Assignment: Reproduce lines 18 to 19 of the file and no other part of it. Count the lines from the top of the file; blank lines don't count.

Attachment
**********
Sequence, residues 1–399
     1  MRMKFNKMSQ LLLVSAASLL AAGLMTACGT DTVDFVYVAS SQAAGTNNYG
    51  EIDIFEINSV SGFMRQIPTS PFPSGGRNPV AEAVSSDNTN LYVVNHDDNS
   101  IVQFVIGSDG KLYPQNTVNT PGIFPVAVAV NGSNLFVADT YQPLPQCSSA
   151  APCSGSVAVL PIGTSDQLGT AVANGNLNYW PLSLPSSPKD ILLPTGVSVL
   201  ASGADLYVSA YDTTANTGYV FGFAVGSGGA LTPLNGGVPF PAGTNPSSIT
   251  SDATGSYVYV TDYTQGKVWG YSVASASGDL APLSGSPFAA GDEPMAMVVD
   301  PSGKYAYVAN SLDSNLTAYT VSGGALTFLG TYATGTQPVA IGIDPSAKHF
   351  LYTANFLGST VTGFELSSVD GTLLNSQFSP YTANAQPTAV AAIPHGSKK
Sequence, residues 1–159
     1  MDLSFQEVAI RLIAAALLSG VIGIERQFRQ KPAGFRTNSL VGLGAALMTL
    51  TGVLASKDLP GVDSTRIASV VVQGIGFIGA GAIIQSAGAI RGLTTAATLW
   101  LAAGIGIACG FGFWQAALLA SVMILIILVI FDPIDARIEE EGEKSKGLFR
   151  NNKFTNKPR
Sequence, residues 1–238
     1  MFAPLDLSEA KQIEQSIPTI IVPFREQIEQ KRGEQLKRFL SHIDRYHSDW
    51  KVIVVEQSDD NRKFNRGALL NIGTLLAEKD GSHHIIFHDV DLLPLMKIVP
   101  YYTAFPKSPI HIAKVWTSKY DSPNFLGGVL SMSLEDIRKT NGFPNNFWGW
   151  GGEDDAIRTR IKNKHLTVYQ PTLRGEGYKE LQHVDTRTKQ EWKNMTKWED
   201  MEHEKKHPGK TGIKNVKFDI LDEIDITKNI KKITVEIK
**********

   101  YYTAFPKSPI HIAKVWTSKY DSPNFLGGVL SMSLEDIRKT NGFPNNFWGW
   151  GGEDDAIRTR IKNKHLTVYQ PTLRGEGYKE LQHVDTRTKQ EWKNMTKWED